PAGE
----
x Abu Dhabi, UAEWednesday 26 July 2017

Bridging the gap between Middle East and English Premier League with frequent-flyer miles

Watching their favourite English Premier League side on television does not suffice for some dedicated Middle East fans, writes Ali Khaled.

Left to right: Jassim al Fardan, Husein al Fardan and Ahmed al Hamadi are just a few of the thousands of Emiratis who support Manchester City in the English Premier League. Silvia Razgova / The National
Left to right: Jassim al Fardan, Husein al Fardan and Ahmed al Hamadi are just a few of the thousands of Emiratis who support Manchester City in the English Premier League. Silvia Razgova / The National

The Manchester United fans, for the moment, refused to turn on their manager. The shout went out: “Every single one of us stand behind David Moyes!” Perhaps more in defiance than anything else.

Samuel Eto’o had just given Chelsea the lead; Stamford Bridge erupted, several large Chelsea flags were unfurled. As were, less conspicuously, a few smaller ones; a Lebanese flag, an Omani one, and one from the UAE.

In the United section, another UAE-based United supporter held his head in his hands.

For some fans, the weekly dose of English Premier League football on television, and it is a heavy one, is just not enough.

“I’ve been travelling to games for over 25 years now,” Waiel Al Qaimi, an Abu-Dhabi-based Manchester United fan, said before kick-off. “I’ve seen us win the league, and been to Champions League finals. I’ve also been lucky enough to meet Matt Busby, Alex Ferguson, Paul Scholes and many others.”

These days, the managing partner at Detecon International in Abu Dhabi often plans business trips to coincide with United’s fixtures.

It is a costly pursuit. For this match, Al Qaimi spent £300 (Dh1,800) for his away-end ticket.

As ever, those away fans were the ones making most of the noise at Stamford Bridge. But on the pitch United, despite an encouraging start, were yet again a collection of players who bore little resemblance to the team who delivered Ferguson’s last title, in May.

“I still have faith in Moyes, and I respect the fact he’s put out an attacking team today,” the 44-year-old Canadian-Iraqi added.

The line-up failed to deliver; United lost 3-1.

“This season I sometimes feel the team has shown far less passion than the fans,” Al Qaimi says at full time, visibly angry. “It’s hard to spend all that money and time, come all the way over here and watch such a poor performance.”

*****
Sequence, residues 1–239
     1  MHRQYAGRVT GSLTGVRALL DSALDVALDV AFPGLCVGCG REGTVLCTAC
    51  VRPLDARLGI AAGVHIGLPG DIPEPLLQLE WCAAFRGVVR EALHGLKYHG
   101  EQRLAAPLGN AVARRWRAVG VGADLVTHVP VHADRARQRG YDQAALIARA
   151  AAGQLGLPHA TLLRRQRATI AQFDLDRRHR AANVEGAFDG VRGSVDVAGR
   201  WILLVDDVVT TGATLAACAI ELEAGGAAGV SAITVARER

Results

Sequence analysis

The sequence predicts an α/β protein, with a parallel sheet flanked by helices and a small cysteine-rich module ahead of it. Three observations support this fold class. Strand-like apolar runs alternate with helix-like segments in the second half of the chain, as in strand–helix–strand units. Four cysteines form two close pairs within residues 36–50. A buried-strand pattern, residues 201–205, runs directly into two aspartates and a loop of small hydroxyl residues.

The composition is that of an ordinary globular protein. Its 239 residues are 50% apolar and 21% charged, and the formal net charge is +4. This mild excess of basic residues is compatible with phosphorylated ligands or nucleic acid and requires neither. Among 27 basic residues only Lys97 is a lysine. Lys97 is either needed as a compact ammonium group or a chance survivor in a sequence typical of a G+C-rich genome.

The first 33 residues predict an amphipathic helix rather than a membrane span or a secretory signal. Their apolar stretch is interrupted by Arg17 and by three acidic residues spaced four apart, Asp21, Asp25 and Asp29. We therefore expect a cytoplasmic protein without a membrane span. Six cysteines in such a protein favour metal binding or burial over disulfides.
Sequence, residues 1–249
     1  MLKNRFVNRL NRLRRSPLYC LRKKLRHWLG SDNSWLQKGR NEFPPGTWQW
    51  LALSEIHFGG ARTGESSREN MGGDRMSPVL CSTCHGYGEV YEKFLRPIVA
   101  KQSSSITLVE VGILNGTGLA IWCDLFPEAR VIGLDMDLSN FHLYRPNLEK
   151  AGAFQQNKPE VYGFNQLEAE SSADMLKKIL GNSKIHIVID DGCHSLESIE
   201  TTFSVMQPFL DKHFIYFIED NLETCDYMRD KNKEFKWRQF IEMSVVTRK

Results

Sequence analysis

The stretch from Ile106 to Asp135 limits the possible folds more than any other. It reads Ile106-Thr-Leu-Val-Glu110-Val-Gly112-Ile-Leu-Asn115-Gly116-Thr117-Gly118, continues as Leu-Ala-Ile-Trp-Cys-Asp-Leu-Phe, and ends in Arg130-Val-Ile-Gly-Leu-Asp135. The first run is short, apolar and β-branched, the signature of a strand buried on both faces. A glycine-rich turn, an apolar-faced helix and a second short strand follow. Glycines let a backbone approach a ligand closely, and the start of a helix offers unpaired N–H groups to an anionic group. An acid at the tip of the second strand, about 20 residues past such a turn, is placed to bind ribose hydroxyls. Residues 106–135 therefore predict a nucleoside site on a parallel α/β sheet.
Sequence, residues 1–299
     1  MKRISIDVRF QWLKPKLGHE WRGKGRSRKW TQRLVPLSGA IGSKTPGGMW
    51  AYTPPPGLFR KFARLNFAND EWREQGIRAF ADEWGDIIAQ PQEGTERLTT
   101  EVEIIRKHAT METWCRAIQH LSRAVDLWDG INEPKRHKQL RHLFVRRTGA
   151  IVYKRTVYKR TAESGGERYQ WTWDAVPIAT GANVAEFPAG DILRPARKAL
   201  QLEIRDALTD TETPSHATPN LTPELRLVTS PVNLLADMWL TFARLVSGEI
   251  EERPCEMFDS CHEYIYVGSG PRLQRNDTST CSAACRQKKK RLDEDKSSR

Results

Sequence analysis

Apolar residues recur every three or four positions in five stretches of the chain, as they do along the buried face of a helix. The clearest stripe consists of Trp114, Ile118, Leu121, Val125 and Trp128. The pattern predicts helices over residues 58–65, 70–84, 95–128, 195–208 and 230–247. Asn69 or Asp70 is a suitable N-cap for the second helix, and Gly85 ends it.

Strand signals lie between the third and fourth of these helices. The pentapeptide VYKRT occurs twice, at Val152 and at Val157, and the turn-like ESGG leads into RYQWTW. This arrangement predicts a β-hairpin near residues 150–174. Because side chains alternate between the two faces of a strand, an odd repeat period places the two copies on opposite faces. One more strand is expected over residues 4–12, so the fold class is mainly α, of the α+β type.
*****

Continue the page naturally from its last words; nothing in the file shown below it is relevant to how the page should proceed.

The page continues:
The Chelsea fans, from West London, Muscat or Dubai, had a far happier weekend, as did their city rivals Arsenal, who continue to top the Premier League.

A day earlier, at the Emirates Stadium, Arsene Wenger’s side had strolled to a comfortable 2-0 win over Fulham in front of an even more international crowd than the one at Stamford Bridge. Certainly, the club’s hospitality facilities, available to fans from all over the world, would have been unthinkable in the pre-Premier League era.

Arsenal’s dominance, and Fulham’s lack of ambition, ensured a relatively quiet atmosphere, prompting one French journalist to recall the days of the “library”, the name opposition fans bestowed on Arsenal’s old ground, Highbury, in its quieter moments.

Outside the ground, new visitors are reminded of the club’s history: statues of the legendary manager Herbert Chapman, the captain Tony Adams and the French superstar Thierry Henry were unveiled in December 2011 as part of Arsenal’s 125th anniversary celebrations. Mobile phones clicking, the visitors paid their respects.

London’s cosmopolitan clubs are an obvious attraction for visiting fans, but football “tourism” can be seen throughout England. The source of visitors may surprise, too.

Results from a VisitBritain survey revealed that approximately 750,000 visitors to the UK went to a football match during 2010.

Among those, visitors from Norway were most likely to attend a football match: one in every 13 do so. Second were those from the UAE (one in 20), a number including Emiratis as well as other nationalities and expatriates returning home. In terms of volume, numbers from 2011 showed just under 10,000 visitors from the UAE attended a Premier League match while on a visit to the UK that year.

One football ground increasingly likely to see visitors from the UAE is the Etihad, home of Manchester City, the club owned by Sheikh Mansour bin Zayed.

The 2011/12 champions have been running match-day trips from Abu Dhabi for the past three seasons.

In that time, the number of fans who have signed up to Sky Blue – the official UAE fan club run by the club and Etihad Airways – has grown to more than 18,000.

The free-scoring team’s excellent form this season under the new coach Manuel Pellegrini, not to mention their looming Uefa Champions League tie with Barcelona, will ensure those numbers will continue to head north.

For the red half of Manchester, the immediate future is less rosy, but that’s unlikely to affect their attendance. Wherever they live.

“I’ll be back for United’s trip to Crystal Palace next month,” Al Qaimi says. That sort of loyalty is priceless.

Ali Khaled was a guest of VisitBritain while in London


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